How do you typically congratulate an employee who has just earned a promotion? Do you highlight the person’s accomplishment at a staff meeting? Send out a congratulatory email to everyone who works at your restaurant? Write a Facebook post that honors the employee’s hard work and determination?
Or would you post a sexist meme that makes fun of how a female staff member earned said promotion?
Sadly, that’s exactly what Seth Freidus, the bar manager at Alden & Harlow, did to recognize a coworker. As first reported by the Boston Globe, he posted a picture of a woman with skinned knees and a caption that read, “A big congratulations to my friend Debbie on her third promotion in a week, I don’t know how you do it.”
I think we can all surmise what the photo was meant to imply (if you’re not sure, ask a friend).
It shouldn’t come as much of a surprise that Freidus’ post was met with anger and vitriol from people across the hospitality industry. Apparently Freidus kept the picture up for 24 hours among waves of negative feedback until he was approached by a member of the press.
Though Freidus deleted the post and apologized, in the age of social media, once something is out there it’s out there.
A larger issue at hand
The meme sparked a debate which focused on the restaurant industry’s historical sexism toward women. Many commenters expressed disappointment and anger that a man in a leadership position would even think to post such a derogatory image.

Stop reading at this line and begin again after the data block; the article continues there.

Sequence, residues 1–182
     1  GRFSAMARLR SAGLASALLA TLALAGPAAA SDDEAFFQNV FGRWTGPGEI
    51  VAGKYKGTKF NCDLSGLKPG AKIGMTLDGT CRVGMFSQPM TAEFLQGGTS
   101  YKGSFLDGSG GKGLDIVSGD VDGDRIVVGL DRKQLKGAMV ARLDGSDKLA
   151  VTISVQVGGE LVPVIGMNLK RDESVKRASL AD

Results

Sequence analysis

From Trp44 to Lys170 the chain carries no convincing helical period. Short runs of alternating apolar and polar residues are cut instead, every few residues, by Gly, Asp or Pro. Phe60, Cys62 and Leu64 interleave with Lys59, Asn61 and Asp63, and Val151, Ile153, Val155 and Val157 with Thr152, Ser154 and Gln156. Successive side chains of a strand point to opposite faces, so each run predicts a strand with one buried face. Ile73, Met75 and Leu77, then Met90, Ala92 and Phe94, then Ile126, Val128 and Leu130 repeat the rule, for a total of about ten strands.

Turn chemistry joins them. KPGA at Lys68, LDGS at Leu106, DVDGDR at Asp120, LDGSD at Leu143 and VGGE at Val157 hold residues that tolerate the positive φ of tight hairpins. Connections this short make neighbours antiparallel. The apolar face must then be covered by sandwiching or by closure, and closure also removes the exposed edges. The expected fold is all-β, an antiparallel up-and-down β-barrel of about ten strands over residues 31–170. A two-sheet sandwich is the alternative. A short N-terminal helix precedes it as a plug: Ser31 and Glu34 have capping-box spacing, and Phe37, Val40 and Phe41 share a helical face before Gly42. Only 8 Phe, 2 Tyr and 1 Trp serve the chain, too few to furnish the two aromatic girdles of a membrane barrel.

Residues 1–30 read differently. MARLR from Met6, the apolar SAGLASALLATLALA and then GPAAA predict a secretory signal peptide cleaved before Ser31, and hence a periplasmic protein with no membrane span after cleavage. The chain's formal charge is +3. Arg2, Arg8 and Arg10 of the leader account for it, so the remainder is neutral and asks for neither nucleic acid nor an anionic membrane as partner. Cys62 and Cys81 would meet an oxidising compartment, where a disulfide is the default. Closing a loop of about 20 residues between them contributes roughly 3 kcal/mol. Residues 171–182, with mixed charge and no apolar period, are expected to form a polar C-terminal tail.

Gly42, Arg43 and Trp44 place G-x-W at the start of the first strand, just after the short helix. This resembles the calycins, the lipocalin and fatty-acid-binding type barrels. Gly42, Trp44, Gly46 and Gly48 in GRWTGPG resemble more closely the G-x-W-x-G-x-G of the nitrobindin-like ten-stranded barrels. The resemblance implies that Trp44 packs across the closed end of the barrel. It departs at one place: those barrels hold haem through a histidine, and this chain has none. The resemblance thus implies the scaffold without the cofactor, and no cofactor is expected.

“Disgusting,” wrote Lacy Hawkins, a bartender in New York.
“It’s so ignorant!” wrote Ashtin Berry, a bartender at the Ace Hotel in New Orleans. “It’s almost as if men forget that women aren’t here for their entertainment.”
“The fact that a bar manager at a top bar, and restaurant in my city, this country, would post something as negative as this, makes my stomach turn,” wrote Nicky Bandera, a bartender at Felipe’s Taqueria in Cambridge.
It’s important to note that the feedback wasn’t all negative. Some of Freidus’ woman coworkers actually chimed in and defended him. One even called him a “stand up guy” who shouldn’t be scapegoated for a hot-button issue plaguing the entire industry.
What Freidus posted was in really bad taste. As a person who manages men and women, he should have recognized that such a post was crass and would undermine his position as a leader. We often speak about the unique nature of the restaurant industry and it’s work hard, play hard environment. That doesn’t justify making a joke which doesn’t belong in any workplace.